Jane Flavell Collins via Reuters

Boston Marathon bombing suspect’s friend found guilty of obstruction

Azamat Tazhayakov faces maximum 20-year prison sentence for obstruction and five years for conspiracy

A U.S. jury on Monday found a friend of the accused Boston Marathon bomber guilty of obstructing the investigation into the deadly blasts by removing a backpack containing fireworks shells from the suspect's dorm room.

The friend, Kazakh exchange student Azamat Tazhayakov, was found guilty of conspiracy to obstruct justice and obstruction of justice for going to suspected bomber Dzhokhar Tsarnaev's room three days after the April 15, 2013 attack and removing a backpack containing empty fireworks shells.

The attack, which occurred near the marathon’s finish line, killed three people and injured more than 260 others, making it the largest mass-casualty attack on U.S. soil since Sept. 11, 2001.

The jury found Tazhayakov not guilty of similar charges involving a laptop computer. Juror Daniel Antonino told reporters outside the courthouse that the jury concluded the men had taken the laptop "because it was valuable, plain and simple," and not to influence the investigation.

Tazhayakov's mother broke down in tears when the verdict was read, while the defendant, dressed in a dark suit and tie, sat quietly between his lawyers. He faces a maximum 20-year prison sentence for obstruction and a five-year maximum for conspiracy but likely will get a lot less under sentencing guidelines. Sentencing was scheduled for Oct. 16.

Prosecutors charged that Tazhayakov and fellow Kazakh exchange student Dias Kadyrbayev removed evidence from Tsarnaev's room at the University of Massachusetts at Dartmouth after realizing that their friend was a bombing suspect.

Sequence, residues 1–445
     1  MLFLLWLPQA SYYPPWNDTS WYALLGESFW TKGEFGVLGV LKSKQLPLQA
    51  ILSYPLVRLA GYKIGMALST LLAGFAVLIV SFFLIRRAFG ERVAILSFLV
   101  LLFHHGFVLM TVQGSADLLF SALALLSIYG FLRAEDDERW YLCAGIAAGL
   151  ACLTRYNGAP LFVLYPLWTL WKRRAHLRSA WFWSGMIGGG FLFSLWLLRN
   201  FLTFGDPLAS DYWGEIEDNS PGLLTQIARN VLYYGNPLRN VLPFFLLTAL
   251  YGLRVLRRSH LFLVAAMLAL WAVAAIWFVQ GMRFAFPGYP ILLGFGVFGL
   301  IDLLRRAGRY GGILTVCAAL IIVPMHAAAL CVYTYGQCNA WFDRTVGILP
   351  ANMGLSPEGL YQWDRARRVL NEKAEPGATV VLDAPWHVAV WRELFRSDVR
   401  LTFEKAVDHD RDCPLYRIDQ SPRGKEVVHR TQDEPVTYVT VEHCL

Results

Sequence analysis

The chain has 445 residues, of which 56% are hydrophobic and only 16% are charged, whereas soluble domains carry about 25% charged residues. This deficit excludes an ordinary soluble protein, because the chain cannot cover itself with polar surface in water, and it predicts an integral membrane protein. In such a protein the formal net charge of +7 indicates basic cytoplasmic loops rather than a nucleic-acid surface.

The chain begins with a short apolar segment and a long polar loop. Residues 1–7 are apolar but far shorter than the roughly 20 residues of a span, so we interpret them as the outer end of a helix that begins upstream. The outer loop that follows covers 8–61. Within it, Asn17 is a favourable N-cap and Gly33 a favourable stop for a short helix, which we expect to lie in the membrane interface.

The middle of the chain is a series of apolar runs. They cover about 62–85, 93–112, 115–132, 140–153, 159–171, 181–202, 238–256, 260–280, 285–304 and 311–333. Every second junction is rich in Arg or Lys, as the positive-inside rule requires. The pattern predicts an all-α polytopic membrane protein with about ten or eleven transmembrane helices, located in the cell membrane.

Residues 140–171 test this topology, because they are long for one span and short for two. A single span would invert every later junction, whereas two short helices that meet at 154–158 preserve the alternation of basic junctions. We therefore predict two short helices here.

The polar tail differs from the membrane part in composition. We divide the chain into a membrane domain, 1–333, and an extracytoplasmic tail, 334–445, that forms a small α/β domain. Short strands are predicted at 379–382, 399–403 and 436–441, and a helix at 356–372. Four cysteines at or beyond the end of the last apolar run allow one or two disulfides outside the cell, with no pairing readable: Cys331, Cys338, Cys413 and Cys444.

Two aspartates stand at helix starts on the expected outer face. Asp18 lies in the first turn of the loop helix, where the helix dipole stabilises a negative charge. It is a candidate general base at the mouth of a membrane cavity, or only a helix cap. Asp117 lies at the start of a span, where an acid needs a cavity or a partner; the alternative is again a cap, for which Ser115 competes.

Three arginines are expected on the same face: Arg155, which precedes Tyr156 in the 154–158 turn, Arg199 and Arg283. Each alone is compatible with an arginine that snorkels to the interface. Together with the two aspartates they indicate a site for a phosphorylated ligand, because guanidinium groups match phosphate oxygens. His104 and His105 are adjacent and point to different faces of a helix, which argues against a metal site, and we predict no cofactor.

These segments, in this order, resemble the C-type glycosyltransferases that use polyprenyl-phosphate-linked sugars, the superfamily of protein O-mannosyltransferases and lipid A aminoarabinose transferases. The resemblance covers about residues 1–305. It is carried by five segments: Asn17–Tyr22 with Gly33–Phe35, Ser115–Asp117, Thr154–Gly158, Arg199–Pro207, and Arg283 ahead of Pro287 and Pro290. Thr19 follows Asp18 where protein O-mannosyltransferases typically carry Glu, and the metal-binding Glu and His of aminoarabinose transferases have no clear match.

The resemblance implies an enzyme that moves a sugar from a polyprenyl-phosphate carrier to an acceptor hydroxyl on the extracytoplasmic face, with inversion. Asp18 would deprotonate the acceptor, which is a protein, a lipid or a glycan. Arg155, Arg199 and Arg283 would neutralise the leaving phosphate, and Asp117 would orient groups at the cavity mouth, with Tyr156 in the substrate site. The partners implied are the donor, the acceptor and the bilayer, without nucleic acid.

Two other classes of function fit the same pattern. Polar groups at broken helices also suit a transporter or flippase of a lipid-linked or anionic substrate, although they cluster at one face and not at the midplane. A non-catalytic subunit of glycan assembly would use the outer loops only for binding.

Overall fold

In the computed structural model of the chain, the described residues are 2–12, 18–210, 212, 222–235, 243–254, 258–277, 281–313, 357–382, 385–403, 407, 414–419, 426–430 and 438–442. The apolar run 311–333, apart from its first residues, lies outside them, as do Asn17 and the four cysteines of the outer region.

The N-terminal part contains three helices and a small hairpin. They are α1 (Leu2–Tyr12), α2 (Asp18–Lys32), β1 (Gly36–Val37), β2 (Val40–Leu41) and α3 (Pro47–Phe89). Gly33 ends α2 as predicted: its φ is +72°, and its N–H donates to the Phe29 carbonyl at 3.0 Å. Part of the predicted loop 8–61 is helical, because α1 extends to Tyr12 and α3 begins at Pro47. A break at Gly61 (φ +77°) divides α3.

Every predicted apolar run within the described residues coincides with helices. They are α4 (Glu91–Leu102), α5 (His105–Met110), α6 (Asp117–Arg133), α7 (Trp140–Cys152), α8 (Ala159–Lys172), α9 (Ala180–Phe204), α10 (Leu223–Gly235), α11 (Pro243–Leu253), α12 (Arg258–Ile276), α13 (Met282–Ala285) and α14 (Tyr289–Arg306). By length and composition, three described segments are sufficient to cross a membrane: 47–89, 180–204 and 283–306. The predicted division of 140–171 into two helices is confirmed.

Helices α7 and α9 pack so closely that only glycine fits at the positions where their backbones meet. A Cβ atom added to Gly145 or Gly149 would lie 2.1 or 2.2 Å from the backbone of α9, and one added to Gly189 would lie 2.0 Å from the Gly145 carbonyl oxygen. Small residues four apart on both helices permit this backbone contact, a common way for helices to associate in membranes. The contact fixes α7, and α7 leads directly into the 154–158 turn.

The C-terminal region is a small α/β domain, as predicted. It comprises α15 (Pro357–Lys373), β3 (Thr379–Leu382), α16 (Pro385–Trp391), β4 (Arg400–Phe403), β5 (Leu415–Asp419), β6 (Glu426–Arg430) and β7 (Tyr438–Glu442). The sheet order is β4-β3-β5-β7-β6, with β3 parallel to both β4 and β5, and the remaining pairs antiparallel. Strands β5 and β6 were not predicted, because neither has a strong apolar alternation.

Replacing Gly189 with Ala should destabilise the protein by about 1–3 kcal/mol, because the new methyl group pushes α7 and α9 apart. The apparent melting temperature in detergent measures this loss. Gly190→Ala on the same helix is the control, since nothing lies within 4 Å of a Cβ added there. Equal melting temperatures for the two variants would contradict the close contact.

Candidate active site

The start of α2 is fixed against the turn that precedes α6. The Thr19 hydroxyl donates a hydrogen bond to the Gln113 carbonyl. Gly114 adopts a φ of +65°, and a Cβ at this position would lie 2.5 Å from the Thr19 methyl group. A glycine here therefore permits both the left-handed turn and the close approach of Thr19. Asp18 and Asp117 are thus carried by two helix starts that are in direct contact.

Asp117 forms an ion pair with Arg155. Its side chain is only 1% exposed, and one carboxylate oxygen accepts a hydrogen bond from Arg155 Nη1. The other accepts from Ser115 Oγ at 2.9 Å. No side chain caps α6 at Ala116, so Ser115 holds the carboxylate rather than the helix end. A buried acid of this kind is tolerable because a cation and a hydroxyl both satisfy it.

Tazhayakov's lawyers argued that it was Kadyrbayev who removed the items from the dorm room and then threw them away.

Prosecutors told the jury that both men shared in the decision to remove the items and get rid of them to protect Tsarnaev. Kadyrbayev faces a separate trial in September. A third friend, Robel Phillipos, of Cambridge, Massachusetts, is charged with lying to investigators.

During six days of testimony at U.S. District Court in Boston, jurors heard FBI agents testify that Tazhayakov told them he had been present when the items were removed and later watched as a garbage truck hauled away the backpack. Tazhayakov's attorneys had said their client never touched the backpack or laptop, contending that Kadyrbayev did so and later dropped the backpack into a dumpster.

None of the three men were charged with playing any role in the bombing. One former federal prosecutor said Monday's verdict could raise the stakes for Kadyrbayev's attorneys.

"It doesn't bode well for the next defendant," said Walter Prince, of the law firm Prince Lobel Tye, noting that Tazhayakov's decision not to testify in his own defense during the trial may prompt Kadyrbayev's lawyers to put him on the stand.

"Otherwise the jury is left with just the FBI's version of what occurred," Prince said.

Kadyrbayev has already taken the stand in a pre-trial hearing where his lawyers sought to have statements he made to the FBI after being ordered out of his New Bedford, Massachusetts, home by heavily armed agents thrown out.

They had argued that those statements were involuntary. Woodlock declined to rule on Kadyrbayev's request but rejected a similar pitch from Tazhayakov's lawyers. Tsarnaev is awaiting trial on charges that carry the death penalty. 

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